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Ninth Circuit Expands Access to Attorney’s Fees in Copyright Cases

May 18, 2020Alerts

In a decision that opens the door wider for winning parties to seek awards of attorney's fees in copyright disputes, the U.S. Court of Appeals for the Ninth Circuit has ruled that a declaratory action alleging copyright abandonment sufficiently invokes the Copyright Act such that a court has discretion to award the prevailing party a reasonable attorney’s fee under Section 505, the fee-shifting provision of the Copyright Act.

While it will likely take years to assess the impact of this decision on copyright litigation, one thing is immediately clear: the Ninth Circuit has made the threshold decision of whether to pursue a declaratory judgment action more difficult now that parties know a future award of attorney’s fees could be waiting at the conclusion of an unsuccessful action.

The Underlying Facts

The court's 14-page decision in Doc’s Dream, LLC, v. Dolores Press, Inc., et al., handed down on May 13, 2020, centers on a copyright dispute relating to the video recordings of a deceased minister’s sermons. In 1983, the minister, Dr. Eugene Scott, launched a 24-hour-a-day religious television network, reaching audiences throughout North America.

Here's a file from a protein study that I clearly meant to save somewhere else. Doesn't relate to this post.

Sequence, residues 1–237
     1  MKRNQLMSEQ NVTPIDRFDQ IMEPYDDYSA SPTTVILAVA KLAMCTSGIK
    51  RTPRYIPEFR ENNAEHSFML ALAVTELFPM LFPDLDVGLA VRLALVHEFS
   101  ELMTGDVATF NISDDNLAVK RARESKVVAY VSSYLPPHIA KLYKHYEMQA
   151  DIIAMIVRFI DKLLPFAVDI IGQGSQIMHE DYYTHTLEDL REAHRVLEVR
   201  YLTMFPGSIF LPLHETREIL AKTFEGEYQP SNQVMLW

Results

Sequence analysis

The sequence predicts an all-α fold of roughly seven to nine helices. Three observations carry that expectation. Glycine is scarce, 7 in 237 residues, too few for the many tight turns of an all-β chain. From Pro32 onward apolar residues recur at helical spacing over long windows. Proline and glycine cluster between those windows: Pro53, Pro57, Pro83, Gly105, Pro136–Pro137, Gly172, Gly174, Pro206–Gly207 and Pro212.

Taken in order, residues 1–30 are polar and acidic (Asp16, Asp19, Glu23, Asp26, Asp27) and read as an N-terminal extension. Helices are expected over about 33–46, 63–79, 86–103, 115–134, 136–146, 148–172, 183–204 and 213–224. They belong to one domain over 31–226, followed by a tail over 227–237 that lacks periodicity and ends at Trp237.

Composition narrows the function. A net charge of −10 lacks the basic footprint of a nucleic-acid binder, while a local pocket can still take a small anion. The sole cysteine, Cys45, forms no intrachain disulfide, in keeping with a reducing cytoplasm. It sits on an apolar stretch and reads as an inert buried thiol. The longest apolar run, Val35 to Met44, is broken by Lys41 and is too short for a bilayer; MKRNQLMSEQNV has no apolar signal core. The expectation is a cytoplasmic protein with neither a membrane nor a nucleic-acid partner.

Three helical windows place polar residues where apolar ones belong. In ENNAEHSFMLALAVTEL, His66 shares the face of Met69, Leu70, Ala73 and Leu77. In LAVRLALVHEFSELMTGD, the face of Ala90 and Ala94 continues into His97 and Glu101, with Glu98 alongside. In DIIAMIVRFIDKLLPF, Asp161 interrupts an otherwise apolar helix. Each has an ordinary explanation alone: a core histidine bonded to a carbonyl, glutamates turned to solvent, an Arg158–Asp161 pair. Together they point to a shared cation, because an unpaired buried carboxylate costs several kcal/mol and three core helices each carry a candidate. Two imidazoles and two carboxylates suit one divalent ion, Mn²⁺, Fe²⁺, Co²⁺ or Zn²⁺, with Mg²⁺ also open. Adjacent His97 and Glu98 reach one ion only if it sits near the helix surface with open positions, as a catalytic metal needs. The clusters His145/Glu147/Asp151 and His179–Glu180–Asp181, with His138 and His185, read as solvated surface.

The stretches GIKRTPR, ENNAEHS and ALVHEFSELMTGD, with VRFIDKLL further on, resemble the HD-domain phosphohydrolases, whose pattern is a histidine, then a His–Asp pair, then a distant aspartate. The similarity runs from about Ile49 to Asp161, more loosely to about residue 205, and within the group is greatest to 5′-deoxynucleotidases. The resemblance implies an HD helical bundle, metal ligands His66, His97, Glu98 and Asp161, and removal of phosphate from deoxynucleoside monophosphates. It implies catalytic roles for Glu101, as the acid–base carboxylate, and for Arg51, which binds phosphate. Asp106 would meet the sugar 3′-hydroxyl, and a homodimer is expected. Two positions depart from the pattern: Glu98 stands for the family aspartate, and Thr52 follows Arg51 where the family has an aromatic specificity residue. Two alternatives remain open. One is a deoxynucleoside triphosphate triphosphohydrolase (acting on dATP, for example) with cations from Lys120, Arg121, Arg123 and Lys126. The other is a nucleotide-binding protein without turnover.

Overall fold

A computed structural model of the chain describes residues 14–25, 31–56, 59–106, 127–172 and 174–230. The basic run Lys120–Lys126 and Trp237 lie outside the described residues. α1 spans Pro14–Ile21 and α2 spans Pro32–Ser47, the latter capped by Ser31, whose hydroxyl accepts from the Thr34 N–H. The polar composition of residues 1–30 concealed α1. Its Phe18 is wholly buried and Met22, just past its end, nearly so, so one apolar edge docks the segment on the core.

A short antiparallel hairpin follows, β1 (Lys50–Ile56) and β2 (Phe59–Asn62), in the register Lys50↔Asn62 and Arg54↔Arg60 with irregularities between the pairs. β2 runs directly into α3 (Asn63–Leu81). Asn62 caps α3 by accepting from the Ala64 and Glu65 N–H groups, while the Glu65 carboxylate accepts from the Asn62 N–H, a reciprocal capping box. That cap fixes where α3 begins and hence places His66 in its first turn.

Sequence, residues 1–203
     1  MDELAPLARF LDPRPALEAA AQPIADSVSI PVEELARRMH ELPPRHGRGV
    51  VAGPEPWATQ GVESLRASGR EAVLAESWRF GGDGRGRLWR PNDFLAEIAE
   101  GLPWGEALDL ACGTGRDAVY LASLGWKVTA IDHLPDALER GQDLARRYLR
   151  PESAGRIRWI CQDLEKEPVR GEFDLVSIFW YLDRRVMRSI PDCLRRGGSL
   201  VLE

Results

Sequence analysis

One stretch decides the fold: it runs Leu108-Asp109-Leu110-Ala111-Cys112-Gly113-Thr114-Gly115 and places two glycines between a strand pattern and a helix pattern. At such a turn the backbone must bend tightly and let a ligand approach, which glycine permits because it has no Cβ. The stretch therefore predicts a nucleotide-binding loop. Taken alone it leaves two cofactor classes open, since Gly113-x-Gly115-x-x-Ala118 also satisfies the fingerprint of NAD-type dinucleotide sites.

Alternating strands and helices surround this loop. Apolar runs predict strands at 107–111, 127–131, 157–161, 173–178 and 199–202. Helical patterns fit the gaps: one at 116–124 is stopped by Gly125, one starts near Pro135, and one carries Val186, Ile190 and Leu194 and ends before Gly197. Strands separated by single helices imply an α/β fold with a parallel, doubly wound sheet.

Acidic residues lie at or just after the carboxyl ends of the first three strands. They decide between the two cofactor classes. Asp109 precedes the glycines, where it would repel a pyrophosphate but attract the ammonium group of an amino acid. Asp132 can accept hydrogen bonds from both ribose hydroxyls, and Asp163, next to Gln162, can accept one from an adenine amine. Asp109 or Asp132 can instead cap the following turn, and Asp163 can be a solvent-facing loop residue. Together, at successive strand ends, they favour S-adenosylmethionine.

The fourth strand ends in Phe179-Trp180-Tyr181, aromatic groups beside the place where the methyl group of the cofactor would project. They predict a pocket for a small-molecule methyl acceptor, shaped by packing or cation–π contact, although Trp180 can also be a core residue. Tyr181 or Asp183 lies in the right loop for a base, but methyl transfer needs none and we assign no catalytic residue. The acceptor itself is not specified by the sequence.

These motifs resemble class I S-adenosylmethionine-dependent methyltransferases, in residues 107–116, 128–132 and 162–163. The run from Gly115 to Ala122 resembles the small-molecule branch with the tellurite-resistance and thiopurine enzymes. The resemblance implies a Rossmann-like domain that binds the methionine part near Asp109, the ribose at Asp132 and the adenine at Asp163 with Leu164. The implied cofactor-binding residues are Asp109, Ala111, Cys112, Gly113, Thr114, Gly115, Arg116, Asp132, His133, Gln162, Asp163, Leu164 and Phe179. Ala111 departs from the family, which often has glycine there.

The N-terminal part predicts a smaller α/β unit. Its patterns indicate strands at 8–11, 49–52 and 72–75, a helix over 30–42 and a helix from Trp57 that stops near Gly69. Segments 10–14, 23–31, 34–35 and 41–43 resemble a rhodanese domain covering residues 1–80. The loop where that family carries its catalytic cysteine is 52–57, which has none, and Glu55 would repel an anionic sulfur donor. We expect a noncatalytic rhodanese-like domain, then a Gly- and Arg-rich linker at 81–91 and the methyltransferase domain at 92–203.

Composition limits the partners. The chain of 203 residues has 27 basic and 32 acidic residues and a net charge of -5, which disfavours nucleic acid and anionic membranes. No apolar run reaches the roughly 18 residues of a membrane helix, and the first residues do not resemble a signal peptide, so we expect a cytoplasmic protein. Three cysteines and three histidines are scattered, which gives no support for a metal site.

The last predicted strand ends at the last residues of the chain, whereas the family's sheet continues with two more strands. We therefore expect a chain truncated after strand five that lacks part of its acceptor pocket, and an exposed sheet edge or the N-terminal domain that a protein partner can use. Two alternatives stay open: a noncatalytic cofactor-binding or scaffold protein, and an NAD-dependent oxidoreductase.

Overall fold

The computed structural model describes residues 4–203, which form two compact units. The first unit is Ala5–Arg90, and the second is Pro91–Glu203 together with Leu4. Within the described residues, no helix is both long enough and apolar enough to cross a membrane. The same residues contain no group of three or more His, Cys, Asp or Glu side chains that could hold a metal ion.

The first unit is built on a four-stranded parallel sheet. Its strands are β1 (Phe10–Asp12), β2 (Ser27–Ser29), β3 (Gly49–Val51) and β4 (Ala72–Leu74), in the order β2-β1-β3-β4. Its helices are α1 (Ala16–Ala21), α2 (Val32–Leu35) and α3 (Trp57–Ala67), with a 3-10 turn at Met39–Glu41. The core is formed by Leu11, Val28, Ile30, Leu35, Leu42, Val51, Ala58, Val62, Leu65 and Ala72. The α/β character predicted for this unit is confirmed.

In 1995, Dr. Scott licensed Dolores Press to distribute his works to the public, with profits going to his church. During this time, Dr. Scott made his works available for online viewing through websites bearing his name. When Dr. Scott died, he left all of his copyrights to his widow, Pastor Melissa Scott (no relation to the author of this alert) who continued the license agreement with Dolores.

In 2014, Patrick Robinson, a Georgia minister and sole owner of Doc’s Dream, requested permission to share Dr. Scott’s works with his students online. When Ms. Scott refused his request, Robinson launched a website sharing Dr. Scott’s works to “get the ball rolling in this legal battle.”

The District Court Decision

The parties filed four lawsuits in the U.S. District Court for the Central District of California. In three of the suits, Dolores alleged copyright infringement on the part of Doc’s Dream. In the fourth lawsuit, Doc’s Dream sought a declaration that Dr. Scott had abandoned the rights to his works before his death.

The District Court dismissed Dolores’ three copyright infringement lawsuits, but granted summary judgment in Dolores’ favor with respect to Doc’s Dream’s declaratory judgment action. As the prevailing party in the declaratory judgment action, Dolores sought an attorney’s fees award pursuant to Section 505, the Copyright Act’s fee-shifting provision.

The District Court held that attorney’s fees were not available to Dolores under Section 505, noting that the Ninth Circuit had not directly addressed whether attorney’s fees are available under the Copyright Act in declaratory relief actions. Relying on the authoritative treatise Nimmer on Copyright, the District Court concluded that attorney’s fees are available under the Copyright Act in declaratory relief actions only if the actions require construction of the Copyright Act.